Evil geniuses or abject idiots?
The New York Times gave me a good laugh today:
The party’s new delegate system is a major contributor to the prolonged nature of the contest, along with the advent of supportive and well-financed “super PACs” that have helped Mr. Romney’s competitors stay in the delegate hunt when their candidacies might otherwise have withered without enough cash.
For many Republicans, the question is not just whether Mr. Romney will eventually capture the nomination, but at what cost.
There is a growing sense among party leaders that the primary fight has gone on long enough and that continued attacks by the candidates and their allies have steered the conversation away from the economy and could damage the party’s prospects in the fall.
As Mr. Romney and Mr. Santorum traded a new round of sharp charges in Michigan on Saturday, some Republican leaders expressed concern about the effects of a prolonged and nasty primary fight.
“The general election prospects for Republicans certainly would be better served if more focus was spent on Obama’s policies and the failures of those policies,” said Haley Barbour, the former governor of Mississippi and a longtime party leader. “There’s still time for that, but it would improve our prospects greatly.”
Gee, you think?
Most of time I think of conservative leaders as evil geniuses more than abject fools. Their voting base are generally oppressed rubes, delusional ideologues, racists or vicious sociopaths, but the leadership is generally very smart and cagey.
But this primary season has made me seriously question that. From the standpoint of Republican interests, the last six months have been a carnival of comical incompetence by the GOP and its candidates. Whether or not one agrees with me and Digby that the birth control fight is better for the social conservative agenda long term, there's almost no doubt that the sudden obsession with social issues far outside the American mainstream is a terrible thing for Republicans in the short term.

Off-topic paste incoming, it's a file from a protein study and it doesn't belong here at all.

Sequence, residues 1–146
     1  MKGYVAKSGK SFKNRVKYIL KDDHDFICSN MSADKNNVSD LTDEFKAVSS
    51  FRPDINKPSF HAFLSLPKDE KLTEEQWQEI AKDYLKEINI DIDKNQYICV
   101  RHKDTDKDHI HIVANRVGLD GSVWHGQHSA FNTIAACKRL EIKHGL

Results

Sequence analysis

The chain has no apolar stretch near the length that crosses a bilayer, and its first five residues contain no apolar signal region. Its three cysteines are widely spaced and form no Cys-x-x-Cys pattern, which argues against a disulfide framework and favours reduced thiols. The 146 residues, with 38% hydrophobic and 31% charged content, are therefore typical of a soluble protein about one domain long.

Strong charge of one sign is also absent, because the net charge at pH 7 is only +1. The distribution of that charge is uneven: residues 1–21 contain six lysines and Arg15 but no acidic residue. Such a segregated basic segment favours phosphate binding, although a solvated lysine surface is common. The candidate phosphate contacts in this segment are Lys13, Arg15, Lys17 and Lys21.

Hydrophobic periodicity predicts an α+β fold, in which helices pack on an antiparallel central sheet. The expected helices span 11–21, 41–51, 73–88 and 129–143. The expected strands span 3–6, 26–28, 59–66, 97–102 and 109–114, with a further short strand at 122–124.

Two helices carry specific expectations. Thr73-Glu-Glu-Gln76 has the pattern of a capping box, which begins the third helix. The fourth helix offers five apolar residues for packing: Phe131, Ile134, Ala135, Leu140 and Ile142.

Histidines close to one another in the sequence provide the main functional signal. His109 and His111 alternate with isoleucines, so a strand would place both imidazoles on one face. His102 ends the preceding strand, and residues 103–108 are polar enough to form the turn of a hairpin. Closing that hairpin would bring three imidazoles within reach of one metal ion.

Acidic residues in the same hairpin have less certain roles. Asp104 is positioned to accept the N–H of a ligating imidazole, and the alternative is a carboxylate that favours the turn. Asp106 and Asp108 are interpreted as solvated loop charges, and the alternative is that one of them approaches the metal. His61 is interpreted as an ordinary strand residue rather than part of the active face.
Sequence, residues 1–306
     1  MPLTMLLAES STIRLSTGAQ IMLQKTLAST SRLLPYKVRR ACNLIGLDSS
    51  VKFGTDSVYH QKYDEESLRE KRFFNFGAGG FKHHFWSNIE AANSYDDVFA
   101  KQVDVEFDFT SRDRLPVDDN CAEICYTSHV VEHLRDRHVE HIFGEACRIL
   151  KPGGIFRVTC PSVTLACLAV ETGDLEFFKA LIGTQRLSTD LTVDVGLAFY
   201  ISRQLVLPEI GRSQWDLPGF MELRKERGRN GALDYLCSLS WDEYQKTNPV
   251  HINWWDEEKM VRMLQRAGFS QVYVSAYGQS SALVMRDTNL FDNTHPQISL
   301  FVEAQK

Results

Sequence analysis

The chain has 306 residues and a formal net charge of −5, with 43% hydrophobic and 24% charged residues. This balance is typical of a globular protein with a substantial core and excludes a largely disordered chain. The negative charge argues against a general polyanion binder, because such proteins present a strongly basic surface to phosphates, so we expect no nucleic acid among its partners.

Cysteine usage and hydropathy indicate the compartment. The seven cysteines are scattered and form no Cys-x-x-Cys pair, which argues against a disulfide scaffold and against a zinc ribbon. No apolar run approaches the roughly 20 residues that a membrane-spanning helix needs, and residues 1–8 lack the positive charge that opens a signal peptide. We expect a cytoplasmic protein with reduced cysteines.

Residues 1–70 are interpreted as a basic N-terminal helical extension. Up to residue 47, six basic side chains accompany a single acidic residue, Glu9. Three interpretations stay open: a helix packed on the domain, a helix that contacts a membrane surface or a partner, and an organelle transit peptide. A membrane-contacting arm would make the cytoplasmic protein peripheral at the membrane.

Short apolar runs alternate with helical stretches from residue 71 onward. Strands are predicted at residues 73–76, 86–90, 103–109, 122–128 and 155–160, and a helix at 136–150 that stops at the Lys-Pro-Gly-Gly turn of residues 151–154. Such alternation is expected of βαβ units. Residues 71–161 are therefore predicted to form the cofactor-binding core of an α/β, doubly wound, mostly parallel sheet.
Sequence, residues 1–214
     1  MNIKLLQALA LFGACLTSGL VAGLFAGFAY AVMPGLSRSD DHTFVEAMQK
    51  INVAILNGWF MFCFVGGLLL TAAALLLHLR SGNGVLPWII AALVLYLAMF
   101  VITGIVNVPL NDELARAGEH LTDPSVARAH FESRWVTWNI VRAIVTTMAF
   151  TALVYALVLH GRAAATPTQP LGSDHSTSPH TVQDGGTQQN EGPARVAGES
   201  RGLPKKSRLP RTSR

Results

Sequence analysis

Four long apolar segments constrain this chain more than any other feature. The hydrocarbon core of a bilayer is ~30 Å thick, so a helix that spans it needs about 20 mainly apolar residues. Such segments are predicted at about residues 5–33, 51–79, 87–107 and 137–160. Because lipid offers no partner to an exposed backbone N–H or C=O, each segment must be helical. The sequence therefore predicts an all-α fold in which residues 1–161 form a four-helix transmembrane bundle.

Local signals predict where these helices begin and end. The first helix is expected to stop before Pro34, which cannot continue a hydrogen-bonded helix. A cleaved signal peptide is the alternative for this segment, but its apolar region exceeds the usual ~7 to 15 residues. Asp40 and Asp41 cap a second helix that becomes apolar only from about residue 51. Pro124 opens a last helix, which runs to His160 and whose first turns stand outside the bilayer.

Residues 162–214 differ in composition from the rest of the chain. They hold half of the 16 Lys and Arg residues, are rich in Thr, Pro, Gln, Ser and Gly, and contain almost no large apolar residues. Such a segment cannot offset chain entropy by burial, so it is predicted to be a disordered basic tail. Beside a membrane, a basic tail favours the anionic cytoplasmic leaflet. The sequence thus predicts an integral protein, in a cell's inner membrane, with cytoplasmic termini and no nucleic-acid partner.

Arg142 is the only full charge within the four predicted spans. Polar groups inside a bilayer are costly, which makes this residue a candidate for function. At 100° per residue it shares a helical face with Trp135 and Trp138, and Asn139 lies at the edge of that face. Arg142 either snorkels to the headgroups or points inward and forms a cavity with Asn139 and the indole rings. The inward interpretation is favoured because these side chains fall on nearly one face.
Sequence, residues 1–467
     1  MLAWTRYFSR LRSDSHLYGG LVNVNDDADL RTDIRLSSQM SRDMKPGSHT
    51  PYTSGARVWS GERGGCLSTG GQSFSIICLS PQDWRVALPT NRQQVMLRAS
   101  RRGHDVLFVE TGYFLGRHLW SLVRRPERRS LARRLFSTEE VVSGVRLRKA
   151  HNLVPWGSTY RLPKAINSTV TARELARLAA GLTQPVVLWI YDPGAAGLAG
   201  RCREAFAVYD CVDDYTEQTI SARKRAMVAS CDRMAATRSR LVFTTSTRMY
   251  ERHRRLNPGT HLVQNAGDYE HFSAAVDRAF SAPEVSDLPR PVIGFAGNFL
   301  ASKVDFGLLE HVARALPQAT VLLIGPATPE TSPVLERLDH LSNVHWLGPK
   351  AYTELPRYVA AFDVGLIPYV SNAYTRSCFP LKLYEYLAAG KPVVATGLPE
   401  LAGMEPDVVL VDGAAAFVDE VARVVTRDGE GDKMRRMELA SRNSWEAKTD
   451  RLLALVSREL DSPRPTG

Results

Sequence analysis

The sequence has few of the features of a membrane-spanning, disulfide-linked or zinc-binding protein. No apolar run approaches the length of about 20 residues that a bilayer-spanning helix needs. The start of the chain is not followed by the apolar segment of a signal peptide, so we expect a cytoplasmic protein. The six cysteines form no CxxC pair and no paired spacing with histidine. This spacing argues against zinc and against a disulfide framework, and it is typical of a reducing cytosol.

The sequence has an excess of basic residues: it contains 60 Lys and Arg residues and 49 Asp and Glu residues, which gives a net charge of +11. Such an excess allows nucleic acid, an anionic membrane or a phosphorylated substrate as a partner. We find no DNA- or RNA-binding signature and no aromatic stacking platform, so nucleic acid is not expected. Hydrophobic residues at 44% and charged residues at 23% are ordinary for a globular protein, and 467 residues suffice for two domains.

Of course, the other possibility is that the leadership is still composed of evil geniuses, but they've almost completely lost control of their voting base, having overprimed its fury beyond the ability to manage. The career trajectory of one Karl Rove would seem to indicate as much.
That in turn is partly a product of the fact that Fox News, Rush Limbaugh and the like require increasing doses of outrage to stay relevant to their audiences. Add in the fact that the conservative media machine is no longer the messaging machine for the GOP, but the GOP is rather the legislative arm of conservative media magnates, and it's not exactly a surprise that we've reached a point of no return for Republican leadership.
My assumption has always been that the GOP would get its act together and coalesce in united fashion behind a nominee. But now I'm not so sure anymore. It's going to be a very interesting next nine months or so.